Troops are gearing up to start driving fuel lorries to petrol stations later this week after the Ministry of Defence approved an official request for assistance.
While no final decision has been made on any deployment, Business Secretary Kwasi Kwarteng said the move to place the army on stand-by was a "sensible, precautionary step".
Some 150 military drivers, each teamed with another serviceperson to keep them company on journeys, will be available to transport fuel around the country if required, a senior defence source said.
Details about where they will be deployed have yet to be revealed.
A second source said it is "highly likely" they will start driving fuel in the coming days.
Industry and the government need to say where the drivers would be most useful.
All the military drivers are HGV qualified but they might need up to three days of extra training to be able to learn how to provide fuel to petrol stations.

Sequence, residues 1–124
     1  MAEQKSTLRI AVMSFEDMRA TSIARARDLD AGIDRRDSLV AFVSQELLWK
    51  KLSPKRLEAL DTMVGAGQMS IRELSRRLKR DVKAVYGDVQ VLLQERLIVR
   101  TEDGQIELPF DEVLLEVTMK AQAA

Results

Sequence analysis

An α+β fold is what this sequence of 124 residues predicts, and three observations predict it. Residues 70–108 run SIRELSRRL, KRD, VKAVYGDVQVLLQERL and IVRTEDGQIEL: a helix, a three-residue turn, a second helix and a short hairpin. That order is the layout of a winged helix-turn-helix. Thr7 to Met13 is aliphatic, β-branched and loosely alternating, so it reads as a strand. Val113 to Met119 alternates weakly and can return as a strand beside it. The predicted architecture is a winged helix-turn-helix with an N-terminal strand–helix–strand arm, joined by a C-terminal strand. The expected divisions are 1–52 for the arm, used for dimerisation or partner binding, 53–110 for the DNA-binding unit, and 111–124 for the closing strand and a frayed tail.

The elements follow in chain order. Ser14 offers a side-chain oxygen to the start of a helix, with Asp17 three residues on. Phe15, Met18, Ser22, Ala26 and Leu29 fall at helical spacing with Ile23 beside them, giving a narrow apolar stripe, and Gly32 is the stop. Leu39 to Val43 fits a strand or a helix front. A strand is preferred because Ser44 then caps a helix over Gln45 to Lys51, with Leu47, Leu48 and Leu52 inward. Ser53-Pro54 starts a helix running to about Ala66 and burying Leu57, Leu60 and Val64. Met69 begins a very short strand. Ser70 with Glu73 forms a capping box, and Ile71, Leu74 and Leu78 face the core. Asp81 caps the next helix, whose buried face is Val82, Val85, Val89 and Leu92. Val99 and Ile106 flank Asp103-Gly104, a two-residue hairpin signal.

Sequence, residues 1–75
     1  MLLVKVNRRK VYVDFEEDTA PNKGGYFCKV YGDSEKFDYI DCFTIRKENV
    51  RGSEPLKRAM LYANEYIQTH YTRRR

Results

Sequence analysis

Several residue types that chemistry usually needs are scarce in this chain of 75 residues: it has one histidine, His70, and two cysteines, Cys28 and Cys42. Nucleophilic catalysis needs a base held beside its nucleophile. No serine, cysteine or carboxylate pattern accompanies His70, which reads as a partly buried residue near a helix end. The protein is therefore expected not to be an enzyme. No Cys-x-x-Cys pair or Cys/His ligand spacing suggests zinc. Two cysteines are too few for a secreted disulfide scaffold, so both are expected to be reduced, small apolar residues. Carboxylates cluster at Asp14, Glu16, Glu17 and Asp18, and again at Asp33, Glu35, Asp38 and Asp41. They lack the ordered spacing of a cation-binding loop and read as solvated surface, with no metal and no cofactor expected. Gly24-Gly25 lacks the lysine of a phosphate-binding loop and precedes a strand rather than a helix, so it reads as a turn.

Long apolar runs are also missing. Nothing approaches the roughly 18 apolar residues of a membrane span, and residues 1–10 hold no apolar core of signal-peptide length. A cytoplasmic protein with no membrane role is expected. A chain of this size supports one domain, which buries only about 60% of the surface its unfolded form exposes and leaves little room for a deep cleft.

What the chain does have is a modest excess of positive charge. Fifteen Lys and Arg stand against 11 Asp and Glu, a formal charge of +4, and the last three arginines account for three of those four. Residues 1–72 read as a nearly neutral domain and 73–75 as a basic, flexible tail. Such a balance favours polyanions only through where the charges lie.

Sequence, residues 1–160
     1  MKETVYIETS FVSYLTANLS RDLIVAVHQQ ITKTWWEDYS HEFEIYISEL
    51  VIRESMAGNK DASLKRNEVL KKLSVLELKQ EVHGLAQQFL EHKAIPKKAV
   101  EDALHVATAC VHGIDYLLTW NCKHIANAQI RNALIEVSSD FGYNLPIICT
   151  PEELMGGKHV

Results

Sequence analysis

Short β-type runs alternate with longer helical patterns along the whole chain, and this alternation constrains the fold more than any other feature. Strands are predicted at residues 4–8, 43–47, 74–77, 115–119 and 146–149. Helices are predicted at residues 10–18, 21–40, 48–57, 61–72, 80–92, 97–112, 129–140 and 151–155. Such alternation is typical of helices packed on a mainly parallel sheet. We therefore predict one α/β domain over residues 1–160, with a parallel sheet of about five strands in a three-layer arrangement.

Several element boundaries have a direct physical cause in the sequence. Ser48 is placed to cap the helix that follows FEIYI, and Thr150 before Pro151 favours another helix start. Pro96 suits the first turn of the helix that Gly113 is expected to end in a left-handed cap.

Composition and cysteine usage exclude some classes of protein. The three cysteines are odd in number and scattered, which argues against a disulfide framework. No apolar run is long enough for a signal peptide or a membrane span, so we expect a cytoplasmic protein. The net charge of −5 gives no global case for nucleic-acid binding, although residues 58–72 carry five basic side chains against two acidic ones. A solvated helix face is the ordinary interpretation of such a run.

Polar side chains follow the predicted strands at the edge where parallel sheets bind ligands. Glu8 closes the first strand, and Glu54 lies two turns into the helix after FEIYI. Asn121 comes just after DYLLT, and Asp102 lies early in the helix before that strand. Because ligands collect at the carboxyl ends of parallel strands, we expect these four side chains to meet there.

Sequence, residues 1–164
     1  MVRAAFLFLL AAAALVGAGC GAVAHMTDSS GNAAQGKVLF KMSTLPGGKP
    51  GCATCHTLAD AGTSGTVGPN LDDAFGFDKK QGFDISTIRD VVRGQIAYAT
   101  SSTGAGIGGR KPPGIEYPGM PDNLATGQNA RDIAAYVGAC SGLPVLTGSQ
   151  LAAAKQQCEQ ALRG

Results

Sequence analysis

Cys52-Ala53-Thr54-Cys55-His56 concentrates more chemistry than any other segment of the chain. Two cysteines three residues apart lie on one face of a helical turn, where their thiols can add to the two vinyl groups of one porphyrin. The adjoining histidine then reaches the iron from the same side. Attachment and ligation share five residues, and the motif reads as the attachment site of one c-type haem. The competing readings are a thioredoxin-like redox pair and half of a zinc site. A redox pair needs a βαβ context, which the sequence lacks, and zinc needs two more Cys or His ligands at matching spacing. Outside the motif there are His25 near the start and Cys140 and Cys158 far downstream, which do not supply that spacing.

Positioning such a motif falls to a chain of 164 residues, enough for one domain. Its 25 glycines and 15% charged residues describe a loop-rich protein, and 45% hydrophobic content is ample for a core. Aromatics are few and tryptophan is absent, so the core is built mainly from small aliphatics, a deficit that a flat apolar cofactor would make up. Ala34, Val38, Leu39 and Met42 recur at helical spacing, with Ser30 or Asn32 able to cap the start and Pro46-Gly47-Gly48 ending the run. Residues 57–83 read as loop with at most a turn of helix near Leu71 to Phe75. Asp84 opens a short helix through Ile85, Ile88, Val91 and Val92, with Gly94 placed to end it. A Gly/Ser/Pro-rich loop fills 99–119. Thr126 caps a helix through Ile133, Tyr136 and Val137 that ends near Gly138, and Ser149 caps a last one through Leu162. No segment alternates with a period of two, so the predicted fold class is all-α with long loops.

The Ministry of Defence received the request for assistance from the business department - known as military aid to the civil authorities (MACA) - on Monday.
It was approved on Tuesday.
The troops have already been put on a higher state of readiness given the fuel crisis.
They will be mobilised under a long-standing contingency plan for fuel shortages called Operation Escalin.
The news comes as the prime minister suggested the situation was improving.
"On the forecourts the situation is stabilising and people should be confident and just go about their business in the normal way," Boris Johnson said.
"What we want to do is that we make sure we have all the preparations necessary to get through Christmas and beyond, not just supplying the petrol stations but all parts of our supply chain."